I was adding some functionality to my mail system, and noticed it seemed to be running more slowly. I didn’t have any way to be sure though, and I didn’t know how to get performance information on my PHP code. After a bit of research, I discovered the xdebug PHP extension can gather profile data, and you can then use kcachegrind to view it.
On Fedora linux, you can install xdebug by running the following line in superuser mode:
yum update php-pecl-xdebug
To enable capturing of performance data, you’ll then need to edit your php.ini file, adding the following lines:
; xdebug settings
xdebug.profiler_enable = 1
xdebug.profiler_append = 1
xdebug.profiler_output_name = cachegrind.out.%s
This will output raw profile data to files named cachegrind.out.<your php script name> in /tmp. There’s a some options you may want to tweak, for example not appending repeated calls, or naming them after something other than the script name.
Once you’ve made those changes, restart apache with
/sbin/service httpd restart
Now navigate to the pages you want to profile, and the data should appear as files in /tmp. Once you’ve done the operations you’re interested in, possibly repeatedly to generate a larger sample, edit the php.ini xdebug.profile_enable to 0 and restart apache again.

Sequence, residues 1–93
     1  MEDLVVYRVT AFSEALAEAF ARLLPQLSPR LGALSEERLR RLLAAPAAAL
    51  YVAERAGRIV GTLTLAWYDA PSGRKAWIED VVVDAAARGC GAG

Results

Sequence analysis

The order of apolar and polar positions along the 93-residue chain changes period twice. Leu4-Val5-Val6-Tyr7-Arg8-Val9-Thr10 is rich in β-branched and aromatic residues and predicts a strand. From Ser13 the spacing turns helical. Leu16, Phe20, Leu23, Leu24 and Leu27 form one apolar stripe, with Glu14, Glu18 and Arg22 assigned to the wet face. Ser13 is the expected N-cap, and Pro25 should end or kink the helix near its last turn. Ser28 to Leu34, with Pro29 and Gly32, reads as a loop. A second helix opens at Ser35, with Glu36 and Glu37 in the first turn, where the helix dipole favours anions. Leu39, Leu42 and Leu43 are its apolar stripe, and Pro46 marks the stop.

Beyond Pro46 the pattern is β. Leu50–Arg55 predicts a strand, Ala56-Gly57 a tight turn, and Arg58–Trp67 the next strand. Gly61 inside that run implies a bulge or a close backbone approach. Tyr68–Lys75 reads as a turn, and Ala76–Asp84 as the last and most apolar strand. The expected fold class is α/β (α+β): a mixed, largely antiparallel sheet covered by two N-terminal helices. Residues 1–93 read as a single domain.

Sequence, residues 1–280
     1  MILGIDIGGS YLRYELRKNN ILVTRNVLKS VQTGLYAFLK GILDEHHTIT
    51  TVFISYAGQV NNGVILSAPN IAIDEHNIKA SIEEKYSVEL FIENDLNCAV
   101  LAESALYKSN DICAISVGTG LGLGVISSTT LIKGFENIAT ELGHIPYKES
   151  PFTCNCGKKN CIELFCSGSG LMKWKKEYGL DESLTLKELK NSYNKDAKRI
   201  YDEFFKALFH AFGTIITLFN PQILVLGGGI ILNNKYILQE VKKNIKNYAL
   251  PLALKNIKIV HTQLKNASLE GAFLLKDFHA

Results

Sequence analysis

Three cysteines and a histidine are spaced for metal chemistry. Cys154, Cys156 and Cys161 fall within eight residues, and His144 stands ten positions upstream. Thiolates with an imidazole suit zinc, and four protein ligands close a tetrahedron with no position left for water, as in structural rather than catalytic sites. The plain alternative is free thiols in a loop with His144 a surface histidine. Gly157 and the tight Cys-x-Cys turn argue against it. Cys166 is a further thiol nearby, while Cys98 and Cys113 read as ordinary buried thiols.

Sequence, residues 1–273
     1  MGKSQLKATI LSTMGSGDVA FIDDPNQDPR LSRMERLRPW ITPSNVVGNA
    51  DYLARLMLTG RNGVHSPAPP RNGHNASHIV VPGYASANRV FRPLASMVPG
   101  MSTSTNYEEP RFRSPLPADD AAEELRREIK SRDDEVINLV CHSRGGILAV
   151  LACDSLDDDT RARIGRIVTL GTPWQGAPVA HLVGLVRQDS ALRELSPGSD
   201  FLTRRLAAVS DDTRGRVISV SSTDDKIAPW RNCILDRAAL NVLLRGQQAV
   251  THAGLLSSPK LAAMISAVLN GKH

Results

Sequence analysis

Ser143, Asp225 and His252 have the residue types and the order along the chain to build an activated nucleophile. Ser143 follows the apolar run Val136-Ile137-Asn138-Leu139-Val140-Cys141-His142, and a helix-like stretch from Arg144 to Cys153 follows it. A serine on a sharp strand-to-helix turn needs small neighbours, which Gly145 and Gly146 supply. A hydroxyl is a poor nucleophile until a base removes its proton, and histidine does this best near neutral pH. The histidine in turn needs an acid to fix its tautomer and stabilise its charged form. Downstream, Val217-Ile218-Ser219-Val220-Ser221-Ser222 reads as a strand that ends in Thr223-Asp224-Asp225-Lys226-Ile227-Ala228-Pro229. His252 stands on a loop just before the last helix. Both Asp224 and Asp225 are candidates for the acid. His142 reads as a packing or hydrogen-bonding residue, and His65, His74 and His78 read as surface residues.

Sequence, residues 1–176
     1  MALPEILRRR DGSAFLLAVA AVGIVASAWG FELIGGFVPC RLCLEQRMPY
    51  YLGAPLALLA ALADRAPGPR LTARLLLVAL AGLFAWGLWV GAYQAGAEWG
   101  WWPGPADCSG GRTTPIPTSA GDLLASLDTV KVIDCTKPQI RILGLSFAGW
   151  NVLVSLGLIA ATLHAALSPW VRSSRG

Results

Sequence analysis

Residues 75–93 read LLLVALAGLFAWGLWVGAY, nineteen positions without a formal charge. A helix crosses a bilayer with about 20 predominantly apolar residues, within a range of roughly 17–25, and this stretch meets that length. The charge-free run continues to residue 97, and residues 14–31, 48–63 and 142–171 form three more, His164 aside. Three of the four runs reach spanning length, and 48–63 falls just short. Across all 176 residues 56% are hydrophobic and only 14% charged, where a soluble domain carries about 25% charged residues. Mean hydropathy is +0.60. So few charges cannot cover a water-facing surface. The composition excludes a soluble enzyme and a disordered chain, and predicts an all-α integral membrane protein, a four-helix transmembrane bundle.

I’d now got a nice collection of data, but that wasn’t much use without a way to understand what it meant. Kcachegrind is the most popular tool for viewing the output files, but it doesn’t have a native OS X version. I tried the darwin ports approach, but as always at least one of the dozens of dependencies failed to compile automatically, so I resorted to my Fedora Linux installation running in Parallels. If you’re on Windows, WinCacheGrind is a native version that’s had some good reviews. I couldn’t find a separate Linux binary, but it’s part of the kdevelop suite, so I was able to install that easily through the package manager.
Once that’s installed, copy over the cachegrind data files from your server, and then open them up in the application. You should see a list of function calls, and if you’re used to desktop profiling, a lot of the options for drilling down through the data should seem familiar. The kcachegrind team has some tips if you’re looking for a good way to get started.
For my case, I found that most of the time was spent inside IMAP, which is actually good news since it means I’m running close to the maximum download speed and my parsing code isn’t getting in the way too much.